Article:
coverage. Doc. 24-1, ¶ 8 (“State
Farm denied my request for uninsured/underinsured motorist
coverage on November 5, 2015, stating “there is not
underinsured motorist exposure form [sic] the motor vehicle
accident.”). She also attached a letter from Defendant
that states that Defendant concluded that because the
tortfeasor's liability limits were $25, 000, she had no
underinsured motorist coverage, and that they would therefore
close the case. Plaintiff has shown that Defendant denied
coverage under the underinsured motorist provision.
it appears that Defendant's standing arguments may be
tied together with the merits of the case. To the extent
Defendant argues that Plaintiff suffered no harm because
coverage was not illusory and there was no misrepresentation,
that goes to the merits of the case, and is best addressed
under Fed.R.Civ.P. 56. Holt v. United States, 46
F.3d 1000, 1003 (10th Cir. 1995) (“Consequently, unless
the jurisdictional issue is intertwined with the merits of
Plaintiff's case, the district court properly considered
evidence outside of the pleadings and resolved factual
disputes without converting the motion into a Rule 56
Motion to Dismiss for Failure to State a Claim under
Legal Standard under Fed.R.Civ.P. 12(b)(6).
survive a motion to dismiss under Fed.R.Civ.P. 12(b)(6), the
complaint “must contain sufficient factual matter,
accepted as true, to ‘state a claim to relief that is
plausible on its face.” Ashcroft v. Iqbal, 556
U.S. 662, 678 (2009) (quoting Bell Atl. Corp. v.
Twombly, 550 U.S. 544, 555, 570 (2007). “A claim
has facial plausibility when the plaintiff pleads factual
content that allows the court to draw the reasonable
inference that the defendant is liable for the misconduct
alleged.” Id. (citing Twombly, 550
U.S. at 556). Conclusory allegations of liability, without
supporting factual content, are insufficient. “The
allegations must be enough that, if assumed to be true, the
plaintiff plausibly (not just speculatively) has a claim for
relief.” Robbins v. Oklahoma, 519 F.3d 1242,
1247 (10th Cir. 2008).
this is a diversity case based on New Mexico law, this Court
must ascertain and apply New Mexico law. In doing so, the
Court must either follow the decisions of the New Mexico
Supreme Court, or attempt to predict what the New Mexico
Supreme Court would do. Coll v. First Am. Title Ins.
Co., 642 F.3d 876, 886 (10th Cir. 2011); Federated
Serv. Ins. Co. v. Martinez, 529 Fed.Appx. 954, 957 (10th
Cir. 2013) (if no controlling state supreme court case,
district court must predict how such court would rule based
on intermediate appellate decisions, decisions of other
states, federal decisions, and general weight and trend of
not attached to the complaint or the motion to dismiss, the
Court may consider the insurance policy as it is referred to
in the complaint, it is central to the Plaintiff's claims
and the parties do not dispute its authenticity. Jacobsen
v. Deseret Book Co., 287 F.3d 936, 941 (10th Cir. 2002),
cited in Brokers' Choice of America, Inc. v. NBC
Universal, Inc., 861 F.3d 1081, 1103 (10th Cir. 2017).
Therefore, the Court may consider the policy and need not
convert to Fed.R.Civ.P. 56.
New Mexico Statutory Offset Procedure for Underinsured
§ 66-5-301(A) mandates that every motor vehicle policy
include uninsured and underinsured motorist coverage for
bodily injury or death and property damage. This statute is
“intended to expand insurance coverage and to protect
individual members of the public against the hazard of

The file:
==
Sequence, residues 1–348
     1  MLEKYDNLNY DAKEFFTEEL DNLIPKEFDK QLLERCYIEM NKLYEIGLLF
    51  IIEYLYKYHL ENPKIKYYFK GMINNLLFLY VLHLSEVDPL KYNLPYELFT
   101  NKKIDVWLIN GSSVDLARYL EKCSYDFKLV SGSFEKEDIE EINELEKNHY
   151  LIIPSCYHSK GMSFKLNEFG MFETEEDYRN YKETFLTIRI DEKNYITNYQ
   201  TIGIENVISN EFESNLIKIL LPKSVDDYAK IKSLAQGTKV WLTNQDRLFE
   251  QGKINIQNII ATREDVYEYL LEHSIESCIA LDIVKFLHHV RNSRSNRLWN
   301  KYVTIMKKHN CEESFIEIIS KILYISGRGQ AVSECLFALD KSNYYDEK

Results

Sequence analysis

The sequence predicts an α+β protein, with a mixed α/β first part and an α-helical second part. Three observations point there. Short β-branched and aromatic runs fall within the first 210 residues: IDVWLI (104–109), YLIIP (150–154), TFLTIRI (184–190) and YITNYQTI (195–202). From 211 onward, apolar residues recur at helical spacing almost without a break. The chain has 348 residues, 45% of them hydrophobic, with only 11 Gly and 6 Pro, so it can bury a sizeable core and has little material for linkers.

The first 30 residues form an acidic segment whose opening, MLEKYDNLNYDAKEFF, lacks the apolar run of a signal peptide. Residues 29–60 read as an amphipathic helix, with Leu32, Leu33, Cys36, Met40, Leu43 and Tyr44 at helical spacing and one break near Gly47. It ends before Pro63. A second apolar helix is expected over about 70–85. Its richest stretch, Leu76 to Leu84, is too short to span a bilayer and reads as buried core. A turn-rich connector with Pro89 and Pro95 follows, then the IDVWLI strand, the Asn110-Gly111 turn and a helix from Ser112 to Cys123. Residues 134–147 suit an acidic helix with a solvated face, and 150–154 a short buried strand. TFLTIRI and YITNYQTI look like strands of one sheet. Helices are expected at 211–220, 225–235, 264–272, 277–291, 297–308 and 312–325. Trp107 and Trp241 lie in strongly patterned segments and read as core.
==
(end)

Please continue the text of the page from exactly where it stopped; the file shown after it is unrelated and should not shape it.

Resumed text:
culpable uninsured motorists.” Progressive Nw. Ins.
Co. v. Weed Warrior Servs., 2010-NMSC-050, ¶ 5, 149
N.M. 157, 159, 245 P.3d 1209, 1211, quoting Romero v.
Dairyland Ins. Co., 111 N.M. 154, 156, 803 P.2d
243, 245 (1990). Motor vehicle policies must contain bodily
injury limits at a minimum level of $25, 000 per person and
$50, 000 per accident. NMSA § 66-5-215(A)(2)-(3).
Uninsured and underinsured motorist coverage has the same
minimum level, and may be bought at an amount up to the
liability amount in the policy. Insureds have the option of
rejecting uninsured and underinsured motorist coverage. NMSA
§ 66-5-301(C). Underinsured motorist coverage is defined
The uninsured motorist coverage described in Subsection A ...
shall include underinsured motorist coverage for
persons protected by an insured's policy....
“[U]nderinsured motorist” means an operator of a
motor vehicle ... which the sum of the limits of liability
under all bodily injury liability insurance applicable at the
time of the accident is less than the limits of liability
under the insured's uninsured motorist coverage.
NMSA § 66-5-301(B) (emphasis added). “The state of
being underinsured exists when the aggregate of the
insured's uninsured motorist coverage reduced by the
tortfeasor's liability coverage is greater than
zero.” Schmick v. State Far Mutual Automobile
Insurance Co., 103 N.M. 216, 223 (N.M. 1985). Thus,
according to the New Mexico Supreme Court, underinsured
motorist coverage does not exist where the tortfeasor carries
the minimum liability amount of $25, 000, and the insured has
the same amount of uninsured motorist coverage.
Progressive Nw. Ins. Co. v. Weed Warrior Servs.,
2010-NMSC-050, ¶ 10, 149 N.M. 157, 161, 245 P.3d 1209,
1213 (“An insured carries UIM coverage only if the
UM/UIM limits on her or his policy are greater than the
statutory minimum of $25, 000.”). Based on that
reasoning, the New Mexico Supreme Court required insurers to
offer underinsured motorist insurance in an amount greater
than $25, 000, reasoning that an offer of underinsured
motorist coverage at the minimum level is no offer at all.
Plaintiff States a Claim for Negligent
argues that Plaintiff failed to state a claim as to the
negligence count, because (1) she failed to allege sufficient
facts to support a negligence claim, and (2) as a matter of
law a negligence claim may not arise where there is
contractual relationship between an insurer and insured.
See Ambassador Ins. Co. v. St. Paul Fire & Marine
Ins. Co.,102 N.M. 28, ...